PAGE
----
Objective: Previous coherence studies of human intracranial electroencephalograms (EEGs) can be faulted on two methodological issues: (1) coherence estimates in a majority were formed from a very small number of independent sample spectra, and (2) the statistical significance of coherence estimates was either not reported or was poorly evaluated. Coherence estimator performance may be poor when a small number of independent sample spectra are employed, and the coupling of poor estimation and statistical testing can result in inaccuracy in the measurement of coherence. The performance characteristics of the coherence estimator and statistical testing of coherence estimates are described in this manuscript.
Methods: The bias, variance, probability density functions, and confidence intervals of the estimate of magnitude squared coherence (MSC); and power analysis for the test of zero MSC were developed from the exact analytic form of the probability density function of the estimate of MSC for Gaussian random processes. The coherence of a single epoch of background EEG, recorded from a patient with intractable seizures, was evaluated with different parameter values to aid in the exposition of the concepts developed here.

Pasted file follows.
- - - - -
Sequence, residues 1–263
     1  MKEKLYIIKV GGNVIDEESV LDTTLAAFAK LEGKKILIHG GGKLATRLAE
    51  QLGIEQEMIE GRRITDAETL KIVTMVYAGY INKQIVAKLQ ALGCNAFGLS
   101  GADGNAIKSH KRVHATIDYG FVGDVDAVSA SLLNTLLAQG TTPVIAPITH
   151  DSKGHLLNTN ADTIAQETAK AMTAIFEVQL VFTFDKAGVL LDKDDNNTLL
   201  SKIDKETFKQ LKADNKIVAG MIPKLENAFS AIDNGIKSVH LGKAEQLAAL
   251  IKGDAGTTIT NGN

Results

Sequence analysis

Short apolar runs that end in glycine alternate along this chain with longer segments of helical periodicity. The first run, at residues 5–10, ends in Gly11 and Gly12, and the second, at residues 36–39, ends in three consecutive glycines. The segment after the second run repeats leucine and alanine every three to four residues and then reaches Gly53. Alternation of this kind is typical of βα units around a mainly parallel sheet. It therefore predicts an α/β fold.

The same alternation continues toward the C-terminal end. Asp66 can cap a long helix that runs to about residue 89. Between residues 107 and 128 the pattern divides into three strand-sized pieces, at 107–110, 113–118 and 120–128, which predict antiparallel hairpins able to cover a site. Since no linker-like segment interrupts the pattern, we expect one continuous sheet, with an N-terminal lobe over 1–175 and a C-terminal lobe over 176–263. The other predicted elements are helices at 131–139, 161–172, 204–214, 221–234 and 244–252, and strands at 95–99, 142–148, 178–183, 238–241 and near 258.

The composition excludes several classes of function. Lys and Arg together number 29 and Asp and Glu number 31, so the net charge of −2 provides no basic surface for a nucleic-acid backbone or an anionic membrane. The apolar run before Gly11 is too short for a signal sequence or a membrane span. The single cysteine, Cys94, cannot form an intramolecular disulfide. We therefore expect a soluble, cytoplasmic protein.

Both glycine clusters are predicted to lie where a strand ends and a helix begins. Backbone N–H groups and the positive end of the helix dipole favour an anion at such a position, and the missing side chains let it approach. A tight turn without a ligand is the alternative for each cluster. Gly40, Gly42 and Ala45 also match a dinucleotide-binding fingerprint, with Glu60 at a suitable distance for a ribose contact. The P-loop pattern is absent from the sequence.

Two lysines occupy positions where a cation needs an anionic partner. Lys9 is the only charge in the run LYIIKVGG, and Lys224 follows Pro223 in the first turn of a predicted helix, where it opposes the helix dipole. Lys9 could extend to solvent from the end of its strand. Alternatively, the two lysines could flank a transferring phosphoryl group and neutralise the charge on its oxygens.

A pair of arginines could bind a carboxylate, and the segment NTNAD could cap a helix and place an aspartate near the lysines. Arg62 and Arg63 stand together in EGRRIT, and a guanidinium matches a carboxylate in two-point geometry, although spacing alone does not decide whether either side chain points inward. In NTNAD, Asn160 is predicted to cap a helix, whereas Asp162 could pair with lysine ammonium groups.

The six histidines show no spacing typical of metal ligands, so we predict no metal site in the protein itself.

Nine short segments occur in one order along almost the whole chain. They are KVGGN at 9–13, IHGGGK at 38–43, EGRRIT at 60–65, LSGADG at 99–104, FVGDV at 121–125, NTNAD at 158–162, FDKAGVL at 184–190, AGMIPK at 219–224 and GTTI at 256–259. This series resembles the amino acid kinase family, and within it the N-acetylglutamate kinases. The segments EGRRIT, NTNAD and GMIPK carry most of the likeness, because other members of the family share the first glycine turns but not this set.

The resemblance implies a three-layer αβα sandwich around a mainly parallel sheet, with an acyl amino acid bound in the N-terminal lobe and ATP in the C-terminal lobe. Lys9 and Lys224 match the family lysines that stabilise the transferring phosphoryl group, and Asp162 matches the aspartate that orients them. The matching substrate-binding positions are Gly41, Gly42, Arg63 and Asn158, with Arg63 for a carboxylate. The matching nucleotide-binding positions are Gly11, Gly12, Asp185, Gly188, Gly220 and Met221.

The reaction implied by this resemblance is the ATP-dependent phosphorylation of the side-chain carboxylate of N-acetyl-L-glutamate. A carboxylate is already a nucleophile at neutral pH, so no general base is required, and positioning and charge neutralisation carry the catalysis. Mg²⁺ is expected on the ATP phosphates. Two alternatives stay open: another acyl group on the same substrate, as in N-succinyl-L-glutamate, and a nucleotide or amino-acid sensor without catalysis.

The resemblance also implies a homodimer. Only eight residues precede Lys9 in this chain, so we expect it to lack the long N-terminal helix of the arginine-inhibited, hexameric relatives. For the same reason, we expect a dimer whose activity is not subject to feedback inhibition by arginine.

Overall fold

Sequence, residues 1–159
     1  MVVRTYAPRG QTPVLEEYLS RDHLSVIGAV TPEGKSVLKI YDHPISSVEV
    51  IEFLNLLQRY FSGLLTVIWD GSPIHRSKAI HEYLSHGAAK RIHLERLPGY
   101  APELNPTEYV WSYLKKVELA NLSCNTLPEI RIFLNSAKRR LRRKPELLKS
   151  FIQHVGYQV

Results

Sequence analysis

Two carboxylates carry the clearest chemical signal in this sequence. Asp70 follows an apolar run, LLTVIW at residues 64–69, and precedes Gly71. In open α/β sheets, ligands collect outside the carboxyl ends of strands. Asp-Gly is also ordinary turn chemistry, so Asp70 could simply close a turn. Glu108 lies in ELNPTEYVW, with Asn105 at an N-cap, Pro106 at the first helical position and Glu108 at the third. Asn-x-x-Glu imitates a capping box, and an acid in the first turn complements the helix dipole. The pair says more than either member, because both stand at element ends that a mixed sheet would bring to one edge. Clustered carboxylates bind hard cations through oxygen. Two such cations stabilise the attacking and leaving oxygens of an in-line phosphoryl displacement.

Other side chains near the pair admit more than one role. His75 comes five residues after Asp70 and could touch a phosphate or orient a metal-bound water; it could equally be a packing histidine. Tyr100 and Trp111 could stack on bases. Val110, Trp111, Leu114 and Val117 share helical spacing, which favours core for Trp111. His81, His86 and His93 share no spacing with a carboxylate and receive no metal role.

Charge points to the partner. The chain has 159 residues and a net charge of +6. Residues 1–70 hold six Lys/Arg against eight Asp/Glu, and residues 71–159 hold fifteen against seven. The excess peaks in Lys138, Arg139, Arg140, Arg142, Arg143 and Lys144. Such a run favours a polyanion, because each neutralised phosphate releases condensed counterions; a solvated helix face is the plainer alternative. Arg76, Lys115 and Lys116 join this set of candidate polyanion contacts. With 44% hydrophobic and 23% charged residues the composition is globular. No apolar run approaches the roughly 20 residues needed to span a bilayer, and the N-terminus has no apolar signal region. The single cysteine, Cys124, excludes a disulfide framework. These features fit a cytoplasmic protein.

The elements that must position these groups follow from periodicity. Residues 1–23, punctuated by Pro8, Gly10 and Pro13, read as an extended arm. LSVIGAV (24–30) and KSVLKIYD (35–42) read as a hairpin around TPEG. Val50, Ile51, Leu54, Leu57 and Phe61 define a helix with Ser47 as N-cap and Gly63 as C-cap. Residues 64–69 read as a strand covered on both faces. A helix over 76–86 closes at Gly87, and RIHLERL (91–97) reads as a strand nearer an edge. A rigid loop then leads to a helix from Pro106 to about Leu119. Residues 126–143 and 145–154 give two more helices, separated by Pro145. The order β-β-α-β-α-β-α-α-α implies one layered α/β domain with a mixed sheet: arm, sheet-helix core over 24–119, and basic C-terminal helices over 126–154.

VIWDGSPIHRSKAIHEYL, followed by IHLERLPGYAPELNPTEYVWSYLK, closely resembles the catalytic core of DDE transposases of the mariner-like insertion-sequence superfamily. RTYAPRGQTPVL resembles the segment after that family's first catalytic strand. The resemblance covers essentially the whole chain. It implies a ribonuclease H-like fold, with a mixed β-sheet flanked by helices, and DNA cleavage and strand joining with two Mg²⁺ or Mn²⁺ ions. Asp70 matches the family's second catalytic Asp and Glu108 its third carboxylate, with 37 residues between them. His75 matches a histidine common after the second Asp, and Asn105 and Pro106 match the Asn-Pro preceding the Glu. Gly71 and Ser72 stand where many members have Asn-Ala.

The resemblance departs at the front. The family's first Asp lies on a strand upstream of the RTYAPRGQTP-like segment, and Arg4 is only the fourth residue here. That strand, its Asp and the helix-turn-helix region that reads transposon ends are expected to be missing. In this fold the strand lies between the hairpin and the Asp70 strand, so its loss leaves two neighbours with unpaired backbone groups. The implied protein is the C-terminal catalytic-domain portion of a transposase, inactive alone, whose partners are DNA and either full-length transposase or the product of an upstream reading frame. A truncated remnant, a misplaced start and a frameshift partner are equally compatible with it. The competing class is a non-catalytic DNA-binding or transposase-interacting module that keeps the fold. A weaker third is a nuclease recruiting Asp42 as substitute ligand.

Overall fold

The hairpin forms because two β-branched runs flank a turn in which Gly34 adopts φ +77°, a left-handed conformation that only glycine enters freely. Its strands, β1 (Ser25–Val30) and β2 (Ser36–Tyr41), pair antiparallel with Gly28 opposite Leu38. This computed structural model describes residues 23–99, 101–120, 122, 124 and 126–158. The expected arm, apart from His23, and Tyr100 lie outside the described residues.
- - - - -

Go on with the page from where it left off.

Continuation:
Results: The statistical characteristics of WOSA coherence estimates are a function of a single estimator parameter, the number of independent sample spectra employed in the estimation. Bias and variance are high, confidence intervals may be large, and the probability of Type II errors is high if a small number of independent sample spectra are employed. A considerable improvement in measurement accuracy is possible with careful selection of estimator parameter values.
Conclusions: Coherence measurement accuracy can be improved over previous applications by attention to estimator performance and accurate statistical testing of coherence estimates.